The Competition's Aftermath
When insufficient funds stopped Hornbostel and Bennett’s winning design for an art center from becoming a reality, Seaver found it difficult to hide her disappointment. President J. Edgar Park, who had supported Seaver’s Modernist impulses, retired in 1944. His successor President A. Howard Meneely advocated for a more traditional architectural style for future construction on the campus. When Seaver heard of the Trustees’ support for Meneely’s plans, she resigned on January 1, 1946, claiming that the rules of the competition clearly stated that if the art center was ever built the winning architects would design it. Eventually, Seaver’s dream triumphed: during his tenure at Wheaton, President Meneely oversaw the construction of numerous International Style buildings on Lower Campus, including the Humanities Building, which now bears his name: Meneely Hall.
-Jessie Landau, Class of 2009
Ruth Hornbostel, wife of the architect Caleb Hornbostel, wrote this letter to Esther Seaver shortly after the art center controversy broke, revealing not only their close relationship, but also the agitation felt by Seaver’s friends. Dismayed at President Meneely’s decision that future building would be in the traditional style, Hornbostel and Bennett began to blame each other for the College’s decision. This letter also indicates (on page 2) that President Park had not wanted a contemporary design for the Student Alumnae Building. We may speculate that it was Esther Seaver who convinced him to commission Hornbostel and Bennett for that project.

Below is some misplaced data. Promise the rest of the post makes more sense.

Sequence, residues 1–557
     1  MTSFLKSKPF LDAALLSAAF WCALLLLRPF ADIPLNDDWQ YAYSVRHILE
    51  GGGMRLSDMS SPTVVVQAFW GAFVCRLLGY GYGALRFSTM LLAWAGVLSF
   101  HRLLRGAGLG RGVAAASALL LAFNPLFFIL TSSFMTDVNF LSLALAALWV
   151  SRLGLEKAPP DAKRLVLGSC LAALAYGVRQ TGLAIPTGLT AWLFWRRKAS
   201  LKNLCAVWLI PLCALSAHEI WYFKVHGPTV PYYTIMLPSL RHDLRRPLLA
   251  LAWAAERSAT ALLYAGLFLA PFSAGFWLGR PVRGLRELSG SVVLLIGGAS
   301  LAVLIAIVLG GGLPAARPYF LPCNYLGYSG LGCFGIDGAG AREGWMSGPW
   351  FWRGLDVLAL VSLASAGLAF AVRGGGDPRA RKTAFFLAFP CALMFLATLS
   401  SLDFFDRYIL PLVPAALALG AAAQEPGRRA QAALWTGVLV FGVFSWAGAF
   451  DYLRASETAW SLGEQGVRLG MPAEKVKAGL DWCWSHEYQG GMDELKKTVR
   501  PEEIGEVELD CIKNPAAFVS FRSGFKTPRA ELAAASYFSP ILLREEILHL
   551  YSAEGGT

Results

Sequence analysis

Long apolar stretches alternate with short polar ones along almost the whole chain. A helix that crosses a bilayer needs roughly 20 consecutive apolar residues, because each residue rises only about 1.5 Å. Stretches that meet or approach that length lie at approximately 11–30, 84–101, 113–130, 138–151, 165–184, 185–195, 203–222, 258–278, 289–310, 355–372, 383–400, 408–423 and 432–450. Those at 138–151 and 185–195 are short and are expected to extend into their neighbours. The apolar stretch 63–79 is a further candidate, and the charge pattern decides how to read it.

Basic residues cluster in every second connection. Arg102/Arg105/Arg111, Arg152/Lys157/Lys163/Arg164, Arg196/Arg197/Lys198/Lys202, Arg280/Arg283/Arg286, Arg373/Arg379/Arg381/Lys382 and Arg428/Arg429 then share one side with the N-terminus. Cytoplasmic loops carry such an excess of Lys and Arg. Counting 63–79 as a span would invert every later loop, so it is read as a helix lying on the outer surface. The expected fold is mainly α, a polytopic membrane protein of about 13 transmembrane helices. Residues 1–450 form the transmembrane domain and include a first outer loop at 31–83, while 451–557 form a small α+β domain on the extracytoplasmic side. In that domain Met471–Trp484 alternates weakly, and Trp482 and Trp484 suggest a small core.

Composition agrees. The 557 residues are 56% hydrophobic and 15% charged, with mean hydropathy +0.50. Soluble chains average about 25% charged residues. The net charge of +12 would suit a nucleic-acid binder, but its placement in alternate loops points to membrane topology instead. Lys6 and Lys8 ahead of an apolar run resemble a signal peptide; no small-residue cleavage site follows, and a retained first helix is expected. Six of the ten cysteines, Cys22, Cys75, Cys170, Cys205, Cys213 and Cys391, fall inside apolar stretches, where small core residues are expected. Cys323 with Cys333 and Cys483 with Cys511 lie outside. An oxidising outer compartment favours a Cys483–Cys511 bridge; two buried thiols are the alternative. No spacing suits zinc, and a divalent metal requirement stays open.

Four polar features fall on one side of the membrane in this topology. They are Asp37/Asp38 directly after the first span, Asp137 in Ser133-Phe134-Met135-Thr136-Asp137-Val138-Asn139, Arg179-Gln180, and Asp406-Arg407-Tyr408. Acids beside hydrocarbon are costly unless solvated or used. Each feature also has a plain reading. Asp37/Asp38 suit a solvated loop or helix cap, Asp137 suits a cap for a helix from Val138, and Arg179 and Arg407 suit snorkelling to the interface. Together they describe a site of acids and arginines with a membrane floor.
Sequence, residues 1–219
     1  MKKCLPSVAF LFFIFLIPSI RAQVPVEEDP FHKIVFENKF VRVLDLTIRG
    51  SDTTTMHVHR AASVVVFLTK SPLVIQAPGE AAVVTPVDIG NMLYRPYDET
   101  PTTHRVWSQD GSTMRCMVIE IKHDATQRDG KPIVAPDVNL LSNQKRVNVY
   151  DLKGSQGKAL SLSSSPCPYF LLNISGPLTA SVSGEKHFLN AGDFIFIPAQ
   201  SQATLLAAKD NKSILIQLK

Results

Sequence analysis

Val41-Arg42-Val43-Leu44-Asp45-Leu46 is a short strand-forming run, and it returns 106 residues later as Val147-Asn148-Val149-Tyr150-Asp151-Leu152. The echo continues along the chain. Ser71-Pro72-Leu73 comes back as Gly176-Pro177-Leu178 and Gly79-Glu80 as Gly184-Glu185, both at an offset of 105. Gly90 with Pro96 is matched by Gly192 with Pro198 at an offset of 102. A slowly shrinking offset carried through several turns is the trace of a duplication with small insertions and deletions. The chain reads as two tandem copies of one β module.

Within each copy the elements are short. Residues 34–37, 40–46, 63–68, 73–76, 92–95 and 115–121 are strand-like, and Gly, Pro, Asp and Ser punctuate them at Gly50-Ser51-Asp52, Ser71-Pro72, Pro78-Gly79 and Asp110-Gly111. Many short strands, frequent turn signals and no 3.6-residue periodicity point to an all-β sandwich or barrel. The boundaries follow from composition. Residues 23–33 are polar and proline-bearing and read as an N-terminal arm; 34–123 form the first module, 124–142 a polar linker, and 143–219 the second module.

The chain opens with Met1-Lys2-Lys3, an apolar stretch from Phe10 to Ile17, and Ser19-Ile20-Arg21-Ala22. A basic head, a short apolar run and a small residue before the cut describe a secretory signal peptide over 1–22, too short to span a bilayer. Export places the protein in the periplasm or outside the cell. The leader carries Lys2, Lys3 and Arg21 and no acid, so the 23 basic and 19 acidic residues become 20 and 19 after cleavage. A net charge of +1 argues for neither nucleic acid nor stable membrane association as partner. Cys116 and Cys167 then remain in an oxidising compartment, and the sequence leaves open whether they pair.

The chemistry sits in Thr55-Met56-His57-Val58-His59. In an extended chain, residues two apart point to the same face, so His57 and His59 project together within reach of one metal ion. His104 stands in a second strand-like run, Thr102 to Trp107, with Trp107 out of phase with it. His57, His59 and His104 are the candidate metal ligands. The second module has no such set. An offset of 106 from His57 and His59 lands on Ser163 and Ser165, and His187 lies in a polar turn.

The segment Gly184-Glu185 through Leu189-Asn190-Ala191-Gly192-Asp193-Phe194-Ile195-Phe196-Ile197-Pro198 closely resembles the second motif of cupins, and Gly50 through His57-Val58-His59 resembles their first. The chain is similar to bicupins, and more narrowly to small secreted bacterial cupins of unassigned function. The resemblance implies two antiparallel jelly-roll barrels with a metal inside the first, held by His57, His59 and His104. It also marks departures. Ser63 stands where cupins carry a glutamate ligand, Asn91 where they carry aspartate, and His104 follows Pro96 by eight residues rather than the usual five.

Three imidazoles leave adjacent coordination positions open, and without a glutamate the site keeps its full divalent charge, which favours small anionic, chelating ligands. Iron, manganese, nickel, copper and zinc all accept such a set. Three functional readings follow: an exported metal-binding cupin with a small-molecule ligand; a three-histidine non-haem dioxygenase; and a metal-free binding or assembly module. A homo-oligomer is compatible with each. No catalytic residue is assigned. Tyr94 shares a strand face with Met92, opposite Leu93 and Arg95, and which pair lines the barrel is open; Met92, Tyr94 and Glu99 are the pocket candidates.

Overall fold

-Zephorene L. Stickney
This long telegram, sent by architect Margaret King Hunter to the editors of the Wheaton News, made public the Wheaton Board of Trustees’ decision that future construction would be in the traditional style, suggesting that the college had turned its back on Modern architecture. Students were outraged and held several mass meetings on the subject, at which Hunter and President Meneely spoke. “Free Speech” was a regular page-two editorial column in the News; by placing it on page one, the editors enraged many faculty members as well as President Meneely. Because the News was so widely read by alumnae, it prompted a flood of angry complaints. To each of these President Meneely patiently responded that the Trustees had not been discussing the art center because no funding was available for the project.
-Zephorene L. Stickney